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Lifting the lid on helmet design

Sam Challis
18 May 2016

Trying to marry technology, trends and safety can be a head scratcher. So what's new in the world of helmet design?

The ubiquity of helmet use nowadays in the pro peloton makes it strange to think that the UCI only made helmets compulsory for races in 2003. The death of a prominent Cofidis rider, Andrey Kivilev, at Paris-Nice gave the UCI sufficient impetus to introduce the rule - it had initially been shelved as far back as 1991 following rider protest at the comfort and weight penalties associated with wearing a helmet in those days.

But with more exposure at the top of the sport since 2003, helmet usage and sales have been on the increase, providing manufacturers with the opportunity to heavily research and develop helmet technology. As such, the helmets of today bear little resemblance to those of several years ago, and even since Cyclist last looked at the market, they have come on in leaps and bounds. 

‘Helmets have changed massively in the last 20 years,’ says Jon Cannings, a senior designer at Lazer. ‘Looking back, they were chunky, heavy and generally poorly ventilated. Also, aesthetically they weren’t good looking. Lazer greatly values the opinions of its staff. Our personal cycling experiences, whether it is on the cycle paths to the office or the cobbled climb of the Oude Kwaremont, stimulate ideas that are often put into final production. Some of the prototypes around the office are interesting, to say the least.’

Idea generation and product development input coming from the company as a whole, as opposed to just the R&D department, are now a central part of the development model regardless of manufacturer. Oscar Huss, head of product development at Poc, agrees with Cannings. ‘We have an office full of enthusiastic riders,’ he says. ‘This allows us to always critically evaluate every helmet we do – how we could improve it. One natural outcome is the necessity to really focus on different materials and their composition within the product.
With that knowledge, we can engineer our helmets specifically for the intended environment to make sure they perform to the level required.’

An abundant source of amateur testers is undoubtedly an advantage, but extra input is required to create helmets that are competitive at WorldTour level. As Huss says, ‘Pros ride at a totally different intensity to most of us.’


‘The close collaboration with teams and athletes is fundamental,’ says Catlike’s Diega Tosatto. ‘We’ve worked with World Champions and teams like Banesto and Kelme before our work with our current team, Movistar. The feedback from professional riders is one of the main reasons our helmets are at the standard they are.’ 

With its lids adorning riders in the behemoth that is Team Sky, Kask has perhaps the most conspicuous relationship with a professional team, but it doesn’t rely solely on the pro riders’ feedback to inform its designs. ‘The Infinity was born from working closely with Team Sky, but going forward we are drawing on knowledge from helmets in other markets, for example our snow and equestrian ranges, to further develop our helmets,’ says Ylenia Battistello, brand manager at Kask.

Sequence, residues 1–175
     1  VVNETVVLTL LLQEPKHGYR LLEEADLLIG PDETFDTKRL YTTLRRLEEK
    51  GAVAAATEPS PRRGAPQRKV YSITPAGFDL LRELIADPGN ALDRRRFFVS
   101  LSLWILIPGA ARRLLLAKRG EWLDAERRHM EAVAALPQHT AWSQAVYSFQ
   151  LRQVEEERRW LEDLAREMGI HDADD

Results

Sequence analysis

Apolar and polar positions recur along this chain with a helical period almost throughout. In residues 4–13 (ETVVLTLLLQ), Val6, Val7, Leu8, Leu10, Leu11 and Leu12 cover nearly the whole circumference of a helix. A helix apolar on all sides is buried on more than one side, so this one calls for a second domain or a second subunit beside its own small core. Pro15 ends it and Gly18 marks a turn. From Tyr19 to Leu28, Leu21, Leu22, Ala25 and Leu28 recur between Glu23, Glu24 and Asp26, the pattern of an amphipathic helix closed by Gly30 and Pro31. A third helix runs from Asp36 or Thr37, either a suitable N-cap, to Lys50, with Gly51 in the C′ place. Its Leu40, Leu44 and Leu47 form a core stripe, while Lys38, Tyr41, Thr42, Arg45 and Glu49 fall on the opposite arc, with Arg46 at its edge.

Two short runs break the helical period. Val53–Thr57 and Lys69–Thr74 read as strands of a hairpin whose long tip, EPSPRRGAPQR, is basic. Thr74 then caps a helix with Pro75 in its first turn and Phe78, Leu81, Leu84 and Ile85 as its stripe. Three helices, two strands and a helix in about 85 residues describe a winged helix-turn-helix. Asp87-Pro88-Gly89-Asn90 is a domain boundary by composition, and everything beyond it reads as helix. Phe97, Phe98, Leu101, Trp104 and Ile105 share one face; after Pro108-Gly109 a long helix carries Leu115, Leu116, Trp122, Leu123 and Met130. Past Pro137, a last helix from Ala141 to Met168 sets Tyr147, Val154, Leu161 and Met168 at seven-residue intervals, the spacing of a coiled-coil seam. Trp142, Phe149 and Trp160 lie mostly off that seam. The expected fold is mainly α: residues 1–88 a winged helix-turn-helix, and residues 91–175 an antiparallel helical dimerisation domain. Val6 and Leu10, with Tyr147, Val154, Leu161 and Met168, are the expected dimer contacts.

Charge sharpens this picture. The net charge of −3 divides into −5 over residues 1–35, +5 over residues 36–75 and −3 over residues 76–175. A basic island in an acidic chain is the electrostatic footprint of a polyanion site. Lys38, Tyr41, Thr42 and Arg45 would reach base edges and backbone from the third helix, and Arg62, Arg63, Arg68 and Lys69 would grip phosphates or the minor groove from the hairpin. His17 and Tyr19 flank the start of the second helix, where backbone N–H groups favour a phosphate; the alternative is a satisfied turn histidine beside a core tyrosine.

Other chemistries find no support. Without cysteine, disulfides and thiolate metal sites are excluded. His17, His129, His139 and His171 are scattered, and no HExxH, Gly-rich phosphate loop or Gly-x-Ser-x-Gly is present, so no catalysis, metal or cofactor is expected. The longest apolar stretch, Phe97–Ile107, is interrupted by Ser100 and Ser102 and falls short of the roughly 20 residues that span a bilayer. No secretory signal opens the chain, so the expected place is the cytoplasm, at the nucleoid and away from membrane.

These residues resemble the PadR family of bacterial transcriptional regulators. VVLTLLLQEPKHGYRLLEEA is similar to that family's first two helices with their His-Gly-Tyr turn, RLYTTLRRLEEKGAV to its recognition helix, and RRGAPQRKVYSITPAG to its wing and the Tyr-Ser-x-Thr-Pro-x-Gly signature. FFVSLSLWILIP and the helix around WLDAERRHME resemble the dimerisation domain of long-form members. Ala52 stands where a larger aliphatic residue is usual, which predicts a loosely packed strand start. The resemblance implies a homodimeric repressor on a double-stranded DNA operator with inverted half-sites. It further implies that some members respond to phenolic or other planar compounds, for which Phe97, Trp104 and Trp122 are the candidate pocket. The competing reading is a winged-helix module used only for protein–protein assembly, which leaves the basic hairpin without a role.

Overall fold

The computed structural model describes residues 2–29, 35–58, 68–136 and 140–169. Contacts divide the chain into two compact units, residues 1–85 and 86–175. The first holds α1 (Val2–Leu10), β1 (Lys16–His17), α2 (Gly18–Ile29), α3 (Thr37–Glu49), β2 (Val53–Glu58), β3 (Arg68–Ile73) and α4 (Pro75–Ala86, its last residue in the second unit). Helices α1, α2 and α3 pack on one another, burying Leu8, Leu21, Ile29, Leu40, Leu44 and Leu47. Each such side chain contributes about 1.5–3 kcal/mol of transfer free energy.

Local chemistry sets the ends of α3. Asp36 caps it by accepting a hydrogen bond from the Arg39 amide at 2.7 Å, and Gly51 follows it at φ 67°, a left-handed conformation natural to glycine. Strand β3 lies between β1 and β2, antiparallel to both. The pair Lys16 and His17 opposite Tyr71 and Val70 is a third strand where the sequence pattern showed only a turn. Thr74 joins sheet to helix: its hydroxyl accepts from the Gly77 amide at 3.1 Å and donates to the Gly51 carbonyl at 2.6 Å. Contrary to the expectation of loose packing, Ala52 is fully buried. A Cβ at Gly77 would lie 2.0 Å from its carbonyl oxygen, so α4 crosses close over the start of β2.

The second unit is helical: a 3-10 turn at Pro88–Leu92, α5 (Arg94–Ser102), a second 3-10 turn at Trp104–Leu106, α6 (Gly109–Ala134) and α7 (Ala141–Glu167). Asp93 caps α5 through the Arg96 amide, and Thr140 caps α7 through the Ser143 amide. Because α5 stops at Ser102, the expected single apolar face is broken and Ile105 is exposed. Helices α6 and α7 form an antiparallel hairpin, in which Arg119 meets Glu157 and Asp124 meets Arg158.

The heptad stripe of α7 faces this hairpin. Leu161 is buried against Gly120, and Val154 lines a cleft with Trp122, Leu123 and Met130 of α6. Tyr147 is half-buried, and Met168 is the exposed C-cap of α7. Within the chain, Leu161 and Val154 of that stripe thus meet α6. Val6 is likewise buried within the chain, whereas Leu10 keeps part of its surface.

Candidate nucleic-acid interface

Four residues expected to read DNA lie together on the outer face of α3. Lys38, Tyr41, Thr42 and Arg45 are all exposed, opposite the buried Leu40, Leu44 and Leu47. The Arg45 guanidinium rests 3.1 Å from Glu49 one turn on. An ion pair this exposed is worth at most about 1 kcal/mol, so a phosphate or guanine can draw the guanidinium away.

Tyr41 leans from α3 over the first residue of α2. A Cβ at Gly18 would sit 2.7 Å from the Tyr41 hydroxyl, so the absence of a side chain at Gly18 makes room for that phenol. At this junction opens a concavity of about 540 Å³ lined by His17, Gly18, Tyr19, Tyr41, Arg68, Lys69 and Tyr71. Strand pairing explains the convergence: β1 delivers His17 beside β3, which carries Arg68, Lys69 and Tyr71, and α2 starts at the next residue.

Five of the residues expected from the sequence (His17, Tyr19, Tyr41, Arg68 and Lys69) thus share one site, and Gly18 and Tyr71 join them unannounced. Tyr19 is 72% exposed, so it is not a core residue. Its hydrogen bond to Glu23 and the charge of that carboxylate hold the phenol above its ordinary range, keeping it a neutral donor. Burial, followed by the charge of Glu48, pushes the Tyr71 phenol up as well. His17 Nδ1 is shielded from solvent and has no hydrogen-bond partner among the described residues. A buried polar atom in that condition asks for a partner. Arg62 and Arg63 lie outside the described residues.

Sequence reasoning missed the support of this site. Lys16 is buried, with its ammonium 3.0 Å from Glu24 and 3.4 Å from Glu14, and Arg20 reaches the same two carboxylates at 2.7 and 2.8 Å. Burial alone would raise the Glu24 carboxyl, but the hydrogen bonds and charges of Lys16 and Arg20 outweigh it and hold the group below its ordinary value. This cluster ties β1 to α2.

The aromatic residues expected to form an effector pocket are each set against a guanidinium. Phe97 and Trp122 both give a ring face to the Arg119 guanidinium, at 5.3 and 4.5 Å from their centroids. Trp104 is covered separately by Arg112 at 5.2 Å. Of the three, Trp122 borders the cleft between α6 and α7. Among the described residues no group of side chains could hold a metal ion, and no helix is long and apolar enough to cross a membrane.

In addition to feedback on performance attributes, the testing and development protocols that brands use today help inform a helmet’s most important aspect: safety.

Better safe than sorry

Safety can be a tricky issue for helmet manufacturers because different standards must be adhered to in different parts of the world – for example in the EU, standards are comparatively lax when measured against those in Australia. Recent EU reforms could have thrown up an additional barrier but some of the experts Cyclist spoke to suggest that modern materials and manufacturing processes facilitate helmet designs that surpass global test standards. ‘When we designed the Octal [Poc’s distinctive helmet used by Cannondale Pro Cycling Team], we tried to balance aerodynamics, ventilation, weight and safety,’ says Huss. ‘It’s only fairly recently that it has been possible to have all these attributes without compromise. Now it’s certified in all markets, without altering the design.’ 

It is the same story at Kask. ‘Our helmets meet the European CE, US CPSC, and Australian certification standards for safety. We don’t design a different helmet for each region, but rather one model that will meet all standards,’ says Battistello.

Where there are alterations in design, the differences are becoming ever more discreet as brands refine their models. ‘Standards in the USA and Australia require slightly different helmet densities but that now only alters our helmet’s weight by a few grams,’ says Tosatto, while Lazer’s Cannings adds, ‘Our helmets are now only slightly different depending on the requisite standards: EU helmets are slightly more lightweight but aside from that the Lazer aesthetic is preserved globally.’